Committees for Change
HANCOCK/BARAGA – For local individuals with disabilities, their families and community members, RICC groups can provide a crucial forum to find empowerment, and to advocate for change within the community.
A RICC, or Regional Interagency Consumer Committee, is one type of organization that allows for individuals with developmental disabilities to express and address local concerns. According to the Michigan Developmental Disabilities Council, RICCs have historically existed to “provide a forum for addressing local issues,” advocate “for needed changes in the community,” and to “inform the DD Council about local conditions for persons with developmental disabilities.” According to the council, there are over 50 RICCs in Michigan, and the number is growing.
According to the DD Council, the general definition of an RICC is a “local, grassroots group of people with developmental disabilities, their friends and family members. Membership is also extended to local advocates, community leaders, and service providers.”
But that generic definition doesn’t begin to describe the value of these groups to the communities they serve.
When Terry Sayatovich heard that the Copper Country RICC in Houghton County had dissolved, she agreed to take leadership for it. And, as director of Oak House, an adult foster care home specializing in adults with developmental disabilities, she understood the impact that the return of the group could have in the community.
“Oak House is a teaching home with the goal of living more independently and I realized the importance of the RICC group and how it can impact our community as well as help increase independence for this population,” Sayatovich said.
The group’s primary goal is to expand the hours and radius of transit in Houghton and Hancock, an aim that will help those with developmental disabilities be able to live more independently.
“As the group members strive and work towards becoming more independent they are in more need of public transportation to get around,” Sayatovich said. “In the past six years Oak House has moved six people into their own apartments. In order for them to be more productive community members they need to be able to get to meetings, doctor’s appointments, entertainment, shopping, restaurants, etc. – hence the need for increased public, affordable transportation on weekends and evenings.”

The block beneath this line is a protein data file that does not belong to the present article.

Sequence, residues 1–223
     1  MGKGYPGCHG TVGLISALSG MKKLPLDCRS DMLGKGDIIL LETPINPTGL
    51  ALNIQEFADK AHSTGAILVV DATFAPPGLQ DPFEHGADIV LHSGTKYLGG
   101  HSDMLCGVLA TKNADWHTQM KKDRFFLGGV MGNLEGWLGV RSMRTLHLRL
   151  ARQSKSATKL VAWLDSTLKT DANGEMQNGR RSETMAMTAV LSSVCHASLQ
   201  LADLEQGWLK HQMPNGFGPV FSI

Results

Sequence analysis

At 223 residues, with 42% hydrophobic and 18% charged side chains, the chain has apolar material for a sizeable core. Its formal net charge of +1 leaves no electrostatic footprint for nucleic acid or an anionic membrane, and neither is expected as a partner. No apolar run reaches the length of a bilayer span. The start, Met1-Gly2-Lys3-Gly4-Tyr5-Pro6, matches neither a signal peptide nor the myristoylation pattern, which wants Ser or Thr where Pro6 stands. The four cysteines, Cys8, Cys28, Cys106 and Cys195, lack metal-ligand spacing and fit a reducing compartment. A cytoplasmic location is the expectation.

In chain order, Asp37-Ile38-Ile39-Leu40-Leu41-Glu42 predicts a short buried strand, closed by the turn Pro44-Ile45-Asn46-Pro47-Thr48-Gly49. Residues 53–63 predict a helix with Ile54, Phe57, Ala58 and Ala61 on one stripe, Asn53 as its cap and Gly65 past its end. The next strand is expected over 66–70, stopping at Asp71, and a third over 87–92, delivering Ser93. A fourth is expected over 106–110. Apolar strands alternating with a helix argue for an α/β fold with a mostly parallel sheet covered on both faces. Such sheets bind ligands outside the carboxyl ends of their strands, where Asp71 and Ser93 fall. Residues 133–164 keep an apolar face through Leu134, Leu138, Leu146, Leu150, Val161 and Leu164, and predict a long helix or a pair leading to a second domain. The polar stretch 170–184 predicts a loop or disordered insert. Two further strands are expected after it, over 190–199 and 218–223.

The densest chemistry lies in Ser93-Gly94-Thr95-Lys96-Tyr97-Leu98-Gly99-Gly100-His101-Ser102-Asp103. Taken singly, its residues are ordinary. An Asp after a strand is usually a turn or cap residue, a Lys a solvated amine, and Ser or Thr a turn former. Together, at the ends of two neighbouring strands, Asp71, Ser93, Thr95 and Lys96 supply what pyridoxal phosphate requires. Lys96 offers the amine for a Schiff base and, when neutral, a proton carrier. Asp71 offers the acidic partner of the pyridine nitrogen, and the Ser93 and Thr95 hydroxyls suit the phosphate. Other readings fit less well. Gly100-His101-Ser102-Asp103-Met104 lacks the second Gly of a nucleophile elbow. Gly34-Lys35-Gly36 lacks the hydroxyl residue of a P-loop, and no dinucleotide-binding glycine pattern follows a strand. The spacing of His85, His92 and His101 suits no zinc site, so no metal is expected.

This is the current Copper Country RICC’s second year, and Sayatovich said much of the first was spent building the foundation for the group – in the first year, the group worked with a trainer to create a three year plan as a guide toward the group’s transportation goals, attended training sessions, and the first set of officers held organized meetings, learned how to do tasks associated with meetings, such as making agendas and minutes, and worked on getting a committed member base. Sayatovich said the current group stands at about 38 members, including volunteers, and that an average of 23 people attend the group’s monthly meetings.
We had our first volunteer recognition/recruitment picnic last summer and we had 68 people attend including Senator Casperson’s stand-in. It was pretty awesome,” Sayatovich said.
She hopes that those numbers continue to grow.
“Recruitment is always on our goal because the more voices we have, the better we can be heard.” Sayatovich said.
Last year, members of the Copper Country RICC were able to meet with legislators in person, to share their concerns about transportation in the area.
“Last year we attended two events in Lansing where we met with both our legislatures face-to- face. We were able to talk with both of them about our needs and ask them for their support,” Sayatovich said. “They both said our issue goes back to funding and that we will have to put a (millage) through to the people. So that is our ultimate goal; to get a (millage) passed for increased transit hours and radius.”
Sayatovich also said that the group plans on making two trips to Lansing this year, as well as an additional trip to attend the Walk-a-Mile In My Shoes Rally for Mental Health.
“My hope for the years to come is that we grow and mature some into leaders that can take their voices to Lansing to be heard. This population is underserved and underestimated but with a committed few we can change that,” Sayatovich said.